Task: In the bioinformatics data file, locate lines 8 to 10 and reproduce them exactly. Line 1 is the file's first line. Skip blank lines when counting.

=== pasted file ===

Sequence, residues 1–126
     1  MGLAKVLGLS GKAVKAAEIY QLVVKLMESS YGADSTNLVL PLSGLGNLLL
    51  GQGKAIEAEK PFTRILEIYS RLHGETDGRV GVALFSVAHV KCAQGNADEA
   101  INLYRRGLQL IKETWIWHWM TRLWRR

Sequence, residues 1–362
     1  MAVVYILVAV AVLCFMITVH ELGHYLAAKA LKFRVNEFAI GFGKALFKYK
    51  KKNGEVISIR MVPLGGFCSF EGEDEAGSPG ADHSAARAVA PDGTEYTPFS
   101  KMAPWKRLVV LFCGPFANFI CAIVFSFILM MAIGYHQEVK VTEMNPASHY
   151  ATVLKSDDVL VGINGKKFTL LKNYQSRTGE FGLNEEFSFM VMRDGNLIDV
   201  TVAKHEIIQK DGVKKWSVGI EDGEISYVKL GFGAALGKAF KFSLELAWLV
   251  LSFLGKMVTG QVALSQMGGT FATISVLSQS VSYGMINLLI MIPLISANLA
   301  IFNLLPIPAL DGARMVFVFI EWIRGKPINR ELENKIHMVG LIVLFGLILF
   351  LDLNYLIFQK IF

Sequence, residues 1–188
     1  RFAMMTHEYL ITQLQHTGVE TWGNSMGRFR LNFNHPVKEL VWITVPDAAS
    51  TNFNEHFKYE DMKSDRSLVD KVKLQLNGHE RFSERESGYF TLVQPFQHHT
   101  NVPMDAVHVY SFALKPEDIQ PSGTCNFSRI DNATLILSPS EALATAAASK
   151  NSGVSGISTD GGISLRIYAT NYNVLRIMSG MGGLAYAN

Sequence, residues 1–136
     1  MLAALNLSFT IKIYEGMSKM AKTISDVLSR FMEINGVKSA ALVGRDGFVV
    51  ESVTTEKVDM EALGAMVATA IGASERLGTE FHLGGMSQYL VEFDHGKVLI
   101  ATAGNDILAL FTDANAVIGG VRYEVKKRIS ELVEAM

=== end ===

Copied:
   101  KMAPWKRLVV LFCGPFANFI CAIVFSFILM MAIGYHQEVK VTEMNPASHY
   151  ATVLKSDDVL VGINGKKFTL LKNYQSRTGE FGLNEEFSFM VMRDGNLIDV
   201  TVAKHEIIQK DGVKKWSVGI EDGEISYVKL GFGAALGKAF KFSLELAWLV